These two worlds are often dichotomized.  One conveys images of solitude at a typewriter and a cigarette while the other conveys weight-rooms, camaraderie and the exertion of physical supremacy.  Sportswriters are an aged rope bridge between, falling into disrepair as a rising generation pursues ESPN’s anchor desk instead of the Washington Post beat desk.  The few planks of the rope bridge still able to bear weight are the occasional blogs of a past generation’s hold-overs and ghost written memoirs.  But, while a visible link between two worlds, much of this writing remains devoid of the sports mentality.  It remains “post-contest” or “post-career;” a separate response to sports, a leisurely transcription or analysis, but never an integration.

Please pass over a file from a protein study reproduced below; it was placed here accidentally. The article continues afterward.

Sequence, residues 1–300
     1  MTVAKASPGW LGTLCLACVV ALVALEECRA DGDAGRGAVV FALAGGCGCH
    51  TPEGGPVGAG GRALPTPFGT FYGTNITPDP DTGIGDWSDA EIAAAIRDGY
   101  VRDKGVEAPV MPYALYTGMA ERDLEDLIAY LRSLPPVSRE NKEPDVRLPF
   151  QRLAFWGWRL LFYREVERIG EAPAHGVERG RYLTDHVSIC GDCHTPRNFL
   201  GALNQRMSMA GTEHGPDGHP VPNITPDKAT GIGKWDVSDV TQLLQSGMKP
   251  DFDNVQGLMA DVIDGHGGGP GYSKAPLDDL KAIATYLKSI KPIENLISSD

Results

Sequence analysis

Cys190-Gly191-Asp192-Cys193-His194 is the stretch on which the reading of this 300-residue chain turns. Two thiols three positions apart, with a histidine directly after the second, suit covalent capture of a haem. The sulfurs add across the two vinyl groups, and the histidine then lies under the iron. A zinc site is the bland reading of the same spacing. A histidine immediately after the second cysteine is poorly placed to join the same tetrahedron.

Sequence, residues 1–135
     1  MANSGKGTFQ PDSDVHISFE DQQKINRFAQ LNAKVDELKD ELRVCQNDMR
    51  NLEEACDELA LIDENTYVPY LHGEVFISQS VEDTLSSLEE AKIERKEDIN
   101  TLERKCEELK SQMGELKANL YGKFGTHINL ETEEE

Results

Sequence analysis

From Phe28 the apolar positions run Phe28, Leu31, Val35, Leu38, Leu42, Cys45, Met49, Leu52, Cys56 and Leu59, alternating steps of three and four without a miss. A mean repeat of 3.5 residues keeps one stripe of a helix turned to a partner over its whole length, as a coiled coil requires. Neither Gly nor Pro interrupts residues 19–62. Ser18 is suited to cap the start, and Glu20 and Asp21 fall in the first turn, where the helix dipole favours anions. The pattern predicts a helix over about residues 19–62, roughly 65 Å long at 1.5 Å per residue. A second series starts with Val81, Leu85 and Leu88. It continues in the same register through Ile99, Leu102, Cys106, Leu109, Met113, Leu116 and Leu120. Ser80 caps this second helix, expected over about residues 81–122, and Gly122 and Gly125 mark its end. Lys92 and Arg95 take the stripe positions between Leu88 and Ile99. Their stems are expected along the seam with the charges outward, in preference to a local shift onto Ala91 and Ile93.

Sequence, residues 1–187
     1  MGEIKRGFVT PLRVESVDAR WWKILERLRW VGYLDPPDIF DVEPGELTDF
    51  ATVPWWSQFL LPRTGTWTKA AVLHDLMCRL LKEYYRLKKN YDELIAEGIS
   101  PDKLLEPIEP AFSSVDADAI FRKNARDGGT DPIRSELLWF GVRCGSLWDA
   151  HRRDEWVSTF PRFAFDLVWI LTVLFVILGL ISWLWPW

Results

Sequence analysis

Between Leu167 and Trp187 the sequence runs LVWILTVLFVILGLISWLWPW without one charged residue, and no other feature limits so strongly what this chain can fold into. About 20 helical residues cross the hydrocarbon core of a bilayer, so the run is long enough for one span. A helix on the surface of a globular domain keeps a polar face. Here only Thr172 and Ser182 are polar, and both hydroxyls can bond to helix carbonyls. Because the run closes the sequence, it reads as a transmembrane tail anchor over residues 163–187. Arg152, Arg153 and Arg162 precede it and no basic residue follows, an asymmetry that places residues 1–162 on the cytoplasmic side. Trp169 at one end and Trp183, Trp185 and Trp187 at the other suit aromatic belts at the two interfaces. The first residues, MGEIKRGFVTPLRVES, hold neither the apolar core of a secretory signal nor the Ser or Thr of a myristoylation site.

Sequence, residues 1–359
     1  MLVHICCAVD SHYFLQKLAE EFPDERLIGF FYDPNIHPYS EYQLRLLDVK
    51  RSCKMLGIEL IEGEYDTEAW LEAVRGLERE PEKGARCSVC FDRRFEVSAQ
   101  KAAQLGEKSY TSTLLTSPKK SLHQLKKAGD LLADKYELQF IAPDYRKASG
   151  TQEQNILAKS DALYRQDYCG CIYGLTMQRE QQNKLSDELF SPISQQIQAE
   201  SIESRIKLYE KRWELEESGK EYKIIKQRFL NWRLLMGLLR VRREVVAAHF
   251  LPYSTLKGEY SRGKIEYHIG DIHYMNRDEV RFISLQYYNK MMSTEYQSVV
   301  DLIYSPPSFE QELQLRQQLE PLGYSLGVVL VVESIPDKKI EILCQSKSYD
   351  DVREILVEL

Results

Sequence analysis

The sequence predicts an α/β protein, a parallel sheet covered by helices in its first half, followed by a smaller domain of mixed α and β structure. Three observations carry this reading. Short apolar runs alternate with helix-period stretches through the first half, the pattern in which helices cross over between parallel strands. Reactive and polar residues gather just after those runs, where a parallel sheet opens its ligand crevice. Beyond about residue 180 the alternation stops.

What I want to do is unite my love of sports with my love of writing, and I don’t mean in sports journalism or memoirs; I mean integrating the activity of writing with the competitive mentality of sports.  Winning is becoming a better writer; maybe even published. Maybe.  But this goal line is unlike the goals of all the team sports I have related to above.  Writing, it appears, is more similar to that “sport” I abhor: running.  As much as I love sports and the running associated with them (shagging flies, running routes, pushing the ball, etc), I hate running for the sake of running.  Running a sprint is tolerable at best, but talk to runners about running, particularly distance running, and the concurrent theme is “competing against your best self.”  This is the most boring of competitions, but the most necessary by measures of self-improvement.  But in all honesty, that is what practice is in other sports.  That is why Derrick Rose spends his summer and fall in the gym by himself shooting threes and free throws.  That is why Jose Bautista’s swing is no longer that of a benchwarmer journeyman.  That is why Aaron Rodgers can immediately follow a legend and yet become a legend himself.  And that, as a long-time fan of Allen Iverson, is the aspect which I hate of sports that I love: practice.  Because I hate conditioning drills.  Because I hate coaches’ criticisms.  Because I hate competing against myself.  Because I do not see the improvement; I do not see the small victories in myself.